Solar-powered airship will circumnavigate the globe without fuel

In an era where the cry for sustainable and eco-friendly innovations is louder than ever, the Solar Airship One emerges as a beacon of hope for zero-emissions long-distance aviation. This groundbreaking airship is set to circumnavigate the globe, covering about 40,000 km (25,000 miles) in a continuous 20-day flight, all without using traditional fuel sources.

With a length of 151 meters (495 feet), the Solar Airship One is a marvel of modern engineering. Its expansive upper surface, totaling around 4,800 square meters (51,700 sq ft) or nearly the size of an NFL football field, is enveloped in solar film. This expansive solar coverage is designed to power the airship’s electric propulsion systems throughout the day while concurrently generating extra power by splitting water into hydrogen for use at night.

Steered by a triumvirate of exceptional individuals, including former French astronaut Michel Tognini, courageous aerobatic pilot Dorine Bourneton, and the renowned adventurer Bertrand Piccard, the Solar Airship One promises not only to be a technological feat but also a source of inspiration worldwide. Despite the relatively modest average speed of just over 83 km/h (52 mph), the airship represents a significant stride towards environmental sustainability in aviation.

Beyond the obvious ecological advantages, the Solar Airship One, and similar airships, offer enhanced flexibility for air travel and cargo transport. These vehicles can halt and resume motion at virtually any location, eliminating the necessity for runways and promoting more efficient and adaptable air travel and cargo transportation. With hydrogen-filled airships envisaged as the next generation of cargo movers, capable of carrying substantial payloads at a fraction of the price and far greater speed than cargo ships, the future of air transport glows brightly.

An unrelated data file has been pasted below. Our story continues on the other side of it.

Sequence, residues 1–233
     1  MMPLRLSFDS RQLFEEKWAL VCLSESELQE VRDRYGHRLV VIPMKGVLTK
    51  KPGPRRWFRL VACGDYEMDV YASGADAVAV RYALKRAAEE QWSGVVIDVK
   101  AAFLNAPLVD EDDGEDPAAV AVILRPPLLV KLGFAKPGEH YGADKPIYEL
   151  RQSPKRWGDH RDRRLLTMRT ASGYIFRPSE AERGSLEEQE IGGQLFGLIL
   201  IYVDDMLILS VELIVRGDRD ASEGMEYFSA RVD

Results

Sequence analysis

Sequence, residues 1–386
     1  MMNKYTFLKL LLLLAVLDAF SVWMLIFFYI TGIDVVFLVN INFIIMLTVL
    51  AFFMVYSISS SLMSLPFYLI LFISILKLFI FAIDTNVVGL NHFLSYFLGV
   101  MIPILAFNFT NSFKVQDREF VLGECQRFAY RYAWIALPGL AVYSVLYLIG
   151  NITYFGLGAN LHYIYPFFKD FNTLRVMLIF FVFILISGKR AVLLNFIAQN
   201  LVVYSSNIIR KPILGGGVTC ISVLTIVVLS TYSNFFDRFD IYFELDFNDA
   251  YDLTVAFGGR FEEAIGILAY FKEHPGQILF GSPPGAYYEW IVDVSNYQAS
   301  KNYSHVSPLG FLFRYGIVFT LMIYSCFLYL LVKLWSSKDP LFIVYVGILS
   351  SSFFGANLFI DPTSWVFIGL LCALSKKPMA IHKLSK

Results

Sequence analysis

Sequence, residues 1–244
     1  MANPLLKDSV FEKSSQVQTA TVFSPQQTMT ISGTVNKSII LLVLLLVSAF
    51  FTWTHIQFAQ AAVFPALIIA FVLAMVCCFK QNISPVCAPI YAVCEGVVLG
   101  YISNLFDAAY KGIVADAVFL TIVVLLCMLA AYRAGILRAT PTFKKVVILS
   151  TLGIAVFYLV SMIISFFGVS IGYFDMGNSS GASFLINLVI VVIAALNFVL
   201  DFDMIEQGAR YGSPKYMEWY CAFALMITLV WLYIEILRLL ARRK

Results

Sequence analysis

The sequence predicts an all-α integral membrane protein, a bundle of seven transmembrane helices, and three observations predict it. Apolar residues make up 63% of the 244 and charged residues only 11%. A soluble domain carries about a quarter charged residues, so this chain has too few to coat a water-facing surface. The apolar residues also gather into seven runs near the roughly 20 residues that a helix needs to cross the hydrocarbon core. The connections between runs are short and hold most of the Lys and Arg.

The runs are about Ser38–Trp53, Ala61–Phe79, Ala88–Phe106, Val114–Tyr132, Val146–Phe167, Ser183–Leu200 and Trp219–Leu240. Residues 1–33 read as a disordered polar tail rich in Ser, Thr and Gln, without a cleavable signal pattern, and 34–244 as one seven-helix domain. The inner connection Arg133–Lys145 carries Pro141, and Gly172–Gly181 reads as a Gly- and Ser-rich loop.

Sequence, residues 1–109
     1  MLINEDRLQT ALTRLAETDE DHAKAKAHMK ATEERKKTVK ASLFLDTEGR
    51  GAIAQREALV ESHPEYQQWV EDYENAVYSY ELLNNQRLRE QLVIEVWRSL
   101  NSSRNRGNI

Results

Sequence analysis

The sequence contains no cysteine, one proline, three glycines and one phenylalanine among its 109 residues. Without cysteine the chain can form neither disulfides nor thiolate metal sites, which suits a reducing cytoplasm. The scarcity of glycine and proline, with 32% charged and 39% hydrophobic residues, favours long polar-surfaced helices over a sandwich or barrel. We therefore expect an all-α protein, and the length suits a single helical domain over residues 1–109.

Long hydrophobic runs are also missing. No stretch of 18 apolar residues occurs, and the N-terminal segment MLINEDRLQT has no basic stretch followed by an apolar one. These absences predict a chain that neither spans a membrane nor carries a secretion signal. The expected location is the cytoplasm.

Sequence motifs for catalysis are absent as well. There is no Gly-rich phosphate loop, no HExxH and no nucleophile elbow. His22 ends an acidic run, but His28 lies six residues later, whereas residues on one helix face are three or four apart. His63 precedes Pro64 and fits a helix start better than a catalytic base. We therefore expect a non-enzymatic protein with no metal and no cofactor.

Solar Airship One’s solar panels fuel its daily propulsion and store additional energy by transforming water into hydrogen, powering the airship at night via a hydrogen cell.

Nonetheless, the utilization of helium, an irreplaceable element, for maintaining the airship’s structure poses an environmental consideration. The Solar Airship One comprises 15 envelopes holding a total of 50,000 cubic meters (1.77 million cubic feet) of helium, which, once released, irreversibly exits the Earth’s atmosphere.

As the world anticipates the Solar Airship One’s monumental journey in 2026, hovering close to the equator at around 6,000 meters (19,700 feet), the venture stands as a resounding testament to the viability of renewable energy in reshaping global aviation for a more sustainable future. The venture not only highlights the possibility of long-distance, zero-emission travel but also underlines the growing commitment to eco-friendly innovations in the realm of global transportation. The potential cost reductions in air travel and cargo transport further signify a step towards a more economically and environmentally balanced world.

Set for 2026, the airship’s global expedition aims to follow the equator at an approximate altitude of 6,000 meters.

Source: Euro Airship

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